Environmental Quality International in Siwa, ECCH ref no. 309-121-1

This case on EQI is the beautiful Egyptian oasis of Siwa is one of two cases I have written on family hotel business. The other is the case on the Eco-Fairy Castle in Argentina. The case introduces Mounir Neamatalla, President of the private Egyptian firm Environmental Quality International (EQI), who has invested in a sustainable development project in the beautiful Siwa oasis, near the Egyptian-Libyan border. EQI’s approach is to draw on the old wisdom, traditional skills and creativity of the local community, and complement them with modern know-how to develop Siwa into a model of sustainable development that can serve as a source of inspiration for other communities around the world. The case describes the Egyptian political system and economy, introduces the ancient oasis of Siwa, and presents EQI’s component projects, which comprise three hotels, a line of embroidered products and traditional jewellery, and the export of organic produce. This case is a component of the author’s case series (with MAS and Danfoss in China) on crafting corporate policies to local conditions. The central question raised is: what do we mean by development? Many Siwans consider that their ancient culture risks being swept away in a tide of ‘modernisation’, but they also recognise that the oasis can no longer stand aside from the modern world. What can / should be preserved, and what chances of success for EQI, for Siwa, and for the rest of us? The case is accompanied by a teaching note.

Advertisements

About Jonathan Story, Professor Emeritus, INSEAD

Jonathan Story is Emeritus Professor of International Political Economy at INSEAD. Prior to joining INSEAD in 1974, he worked in Brussels and Washington, where he obtained his PhD from Johns Hopkins School of Advanced International Studies. He has held the Marusi Chair of Global Business at Rensselaer Polytechnic Institute, and is currently Distinguished Visiting Professor at the Graduate Schoold of Business, Fordham University, New York. He is preparing a monograph on China’s impact on the world political economy, and another on a proposal for a contextual approach to business studies. He has a chapter forthcoming on the Euro crisis. His latest book is China UnCovered: What you need to know to do business in China, (FT/ Pearson’s, 2010) (www.chinauncovered.net) His previous books include “China: The Race to Market” (FT/Pearsons, 2003), The Frontiers of Fortune, (Pitman’s, 1999); and The Political Economy of Financial Integration in Europe : The Battle of the Systems,(MIT Press, 1998) on monetary union and financial markets in the EU, and co-authored with Ingo Walter of NYU. His books have been translated into French, Italian, German, Spanish, Chinese, Korean and Arabic. He is also a co-author in the Oxford Handbook on Business and Government(2010), and has contributed numerous chapters in books and articles in professional journals. He is a regular contributor to newspapers, and has been four times winner of the European Case Clearing House “Best Case of the Year” award. His latest cases detail hotel investments in Egypt and Argentina, as well as a women’s garment manufacturer in Sri Lanka and a Chinese auto parts producer. He teaches courses on international business and the global political economy. At the INSEAD campus, in Fontainebleau and Singapore, he has taught European and world politics, markets, and business in the MBA, and PhD programs. He has taught on INSEAD’s flagship Advanced Management Programme for the last three decades, as well as on other Executive Development and Company Specific courses. Jonathan Story works with governments, international organisations and multinational corporations. He is married with four children, and, now, thirteen grandchildren. Besides English, he is fluent in French, German, Spanish, Italian, reads Portuguese and is learning Russian. He has a bass voice, and gives concerts, including Afro-American spirituals, Russian folk, classical opera and oratorio.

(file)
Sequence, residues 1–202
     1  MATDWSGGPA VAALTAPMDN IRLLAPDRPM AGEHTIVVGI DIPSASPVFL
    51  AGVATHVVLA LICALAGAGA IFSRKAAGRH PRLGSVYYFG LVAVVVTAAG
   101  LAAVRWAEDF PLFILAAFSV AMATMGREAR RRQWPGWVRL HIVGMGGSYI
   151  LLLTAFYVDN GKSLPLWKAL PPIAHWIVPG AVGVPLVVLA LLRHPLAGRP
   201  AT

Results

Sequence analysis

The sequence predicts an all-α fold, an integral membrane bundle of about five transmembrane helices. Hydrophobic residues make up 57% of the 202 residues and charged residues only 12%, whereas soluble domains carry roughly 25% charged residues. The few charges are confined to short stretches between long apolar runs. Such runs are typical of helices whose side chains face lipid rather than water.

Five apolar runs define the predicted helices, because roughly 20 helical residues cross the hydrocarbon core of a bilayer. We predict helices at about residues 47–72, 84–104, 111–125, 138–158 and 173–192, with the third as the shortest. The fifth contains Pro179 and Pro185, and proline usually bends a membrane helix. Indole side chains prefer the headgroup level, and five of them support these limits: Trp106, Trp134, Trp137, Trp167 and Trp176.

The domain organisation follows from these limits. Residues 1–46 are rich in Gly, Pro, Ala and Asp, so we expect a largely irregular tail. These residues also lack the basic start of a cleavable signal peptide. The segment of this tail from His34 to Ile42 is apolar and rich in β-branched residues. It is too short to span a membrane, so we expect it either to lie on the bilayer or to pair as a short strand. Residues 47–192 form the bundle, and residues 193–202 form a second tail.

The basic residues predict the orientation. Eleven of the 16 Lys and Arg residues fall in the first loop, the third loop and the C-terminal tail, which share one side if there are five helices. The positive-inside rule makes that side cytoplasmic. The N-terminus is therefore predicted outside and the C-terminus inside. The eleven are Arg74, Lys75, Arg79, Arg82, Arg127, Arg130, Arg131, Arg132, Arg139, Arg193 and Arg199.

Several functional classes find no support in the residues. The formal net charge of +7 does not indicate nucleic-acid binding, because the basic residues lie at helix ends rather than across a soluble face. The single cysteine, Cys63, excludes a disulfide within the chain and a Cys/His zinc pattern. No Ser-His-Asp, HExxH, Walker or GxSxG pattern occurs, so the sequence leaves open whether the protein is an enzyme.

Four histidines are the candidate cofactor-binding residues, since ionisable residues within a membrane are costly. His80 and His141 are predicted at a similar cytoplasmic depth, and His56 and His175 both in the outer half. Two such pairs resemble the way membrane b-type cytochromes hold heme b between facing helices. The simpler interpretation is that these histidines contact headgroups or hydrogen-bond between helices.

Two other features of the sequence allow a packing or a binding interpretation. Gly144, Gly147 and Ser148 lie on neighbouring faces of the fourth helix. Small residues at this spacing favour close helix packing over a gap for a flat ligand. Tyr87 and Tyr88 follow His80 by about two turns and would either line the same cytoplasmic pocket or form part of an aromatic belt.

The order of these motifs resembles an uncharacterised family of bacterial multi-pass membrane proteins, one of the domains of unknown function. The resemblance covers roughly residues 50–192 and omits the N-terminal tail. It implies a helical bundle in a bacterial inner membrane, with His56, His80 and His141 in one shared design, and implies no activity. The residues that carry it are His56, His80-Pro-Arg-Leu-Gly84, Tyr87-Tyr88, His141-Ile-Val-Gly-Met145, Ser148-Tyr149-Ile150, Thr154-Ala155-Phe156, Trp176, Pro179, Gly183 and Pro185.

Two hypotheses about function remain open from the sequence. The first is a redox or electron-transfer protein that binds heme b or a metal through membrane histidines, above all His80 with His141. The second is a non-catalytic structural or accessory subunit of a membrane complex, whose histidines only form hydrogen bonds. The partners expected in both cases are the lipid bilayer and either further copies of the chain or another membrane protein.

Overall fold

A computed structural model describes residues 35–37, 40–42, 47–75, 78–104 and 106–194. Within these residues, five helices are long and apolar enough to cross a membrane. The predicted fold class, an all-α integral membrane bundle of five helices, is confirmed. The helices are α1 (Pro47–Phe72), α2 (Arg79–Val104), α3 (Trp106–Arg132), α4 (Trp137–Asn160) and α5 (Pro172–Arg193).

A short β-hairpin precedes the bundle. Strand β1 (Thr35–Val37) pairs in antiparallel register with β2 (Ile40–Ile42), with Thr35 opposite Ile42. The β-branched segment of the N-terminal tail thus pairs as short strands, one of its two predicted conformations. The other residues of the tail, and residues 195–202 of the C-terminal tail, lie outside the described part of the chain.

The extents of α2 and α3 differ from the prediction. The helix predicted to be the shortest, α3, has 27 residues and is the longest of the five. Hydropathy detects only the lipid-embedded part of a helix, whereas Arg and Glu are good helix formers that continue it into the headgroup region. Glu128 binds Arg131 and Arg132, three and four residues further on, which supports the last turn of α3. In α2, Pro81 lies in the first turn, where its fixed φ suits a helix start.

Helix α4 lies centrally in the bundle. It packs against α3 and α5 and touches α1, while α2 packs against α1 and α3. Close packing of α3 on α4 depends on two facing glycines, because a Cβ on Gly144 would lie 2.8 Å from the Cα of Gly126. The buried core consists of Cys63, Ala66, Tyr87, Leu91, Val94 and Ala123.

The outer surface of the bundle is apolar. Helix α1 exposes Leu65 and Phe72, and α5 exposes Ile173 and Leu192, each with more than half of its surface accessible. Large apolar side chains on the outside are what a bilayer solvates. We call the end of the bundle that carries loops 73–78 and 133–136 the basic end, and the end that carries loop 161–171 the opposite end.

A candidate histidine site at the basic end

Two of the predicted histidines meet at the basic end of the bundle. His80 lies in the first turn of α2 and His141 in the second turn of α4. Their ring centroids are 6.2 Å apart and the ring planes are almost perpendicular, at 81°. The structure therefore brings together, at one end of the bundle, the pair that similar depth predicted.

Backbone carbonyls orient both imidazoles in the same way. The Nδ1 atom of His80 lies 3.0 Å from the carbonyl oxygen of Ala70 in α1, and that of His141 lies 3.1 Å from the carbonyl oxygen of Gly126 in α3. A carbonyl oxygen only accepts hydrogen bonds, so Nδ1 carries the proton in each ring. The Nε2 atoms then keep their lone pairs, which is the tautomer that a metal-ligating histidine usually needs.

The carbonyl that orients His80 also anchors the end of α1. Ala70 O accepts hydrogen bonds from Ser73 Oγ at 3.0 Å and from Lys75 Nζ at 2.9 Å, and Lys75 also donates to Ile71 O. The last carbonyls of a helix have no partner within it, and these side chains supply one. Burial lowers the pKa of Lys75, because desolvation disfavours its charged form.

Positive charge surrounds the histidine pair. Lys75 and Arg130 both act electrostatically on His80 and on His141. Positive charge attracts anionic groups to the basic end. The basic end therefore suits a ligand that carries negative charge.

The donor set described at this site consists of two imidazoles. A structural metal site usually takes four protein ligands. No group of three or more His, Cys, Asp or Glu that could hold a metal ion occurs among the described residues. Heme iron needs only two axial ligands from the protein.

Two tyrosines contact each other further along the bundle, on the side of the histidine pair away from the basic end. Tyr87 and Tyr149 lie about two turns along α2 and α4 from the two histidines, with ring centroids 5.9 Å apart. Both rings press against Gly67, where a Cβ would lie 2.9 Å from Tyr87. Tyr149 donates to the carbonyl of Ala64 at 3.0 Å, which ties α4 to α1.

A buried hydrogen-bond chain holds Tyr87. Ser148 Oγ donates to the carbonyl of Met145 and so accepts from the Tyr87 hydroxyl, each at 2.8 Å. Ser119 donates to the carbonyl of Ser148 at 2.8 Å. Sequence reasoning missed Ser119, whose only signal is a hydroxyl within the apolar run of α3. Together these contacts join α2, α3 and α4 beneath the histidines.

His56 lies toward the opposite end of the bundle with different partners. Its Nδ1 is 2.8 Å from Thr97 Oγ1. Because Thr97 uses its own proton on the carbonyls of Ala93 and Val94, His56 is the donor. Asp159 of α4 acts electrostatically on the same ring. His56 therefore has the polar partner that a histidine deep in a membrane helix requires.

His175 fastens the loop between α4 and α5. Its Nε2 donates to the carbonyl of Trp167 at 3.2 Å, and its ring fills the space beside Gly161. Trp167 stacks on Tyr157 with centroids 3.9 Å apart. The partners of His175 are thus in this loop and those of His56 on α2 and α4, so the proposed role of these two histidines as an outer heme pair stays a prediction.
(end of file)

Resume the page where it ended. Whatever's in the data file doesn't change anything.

This entry was posted in Oil, the Mid East and Gulf and tagged , , , . Bookmark the permalink.

Leave a Reply

Fill in your details below or click an icon to log in:

WordPress.com Logo

You are commenting using your WordPress.com account. Log Out / Change )

Twitter picture

You are commenting using your Twitter account. Log Out / Change )

Facebook photo

You are commenting using your Facebook account. Log Out / Change )

Google+ photo

You are commenting using your Google+ account. Log Out / Change )

Connecting to %s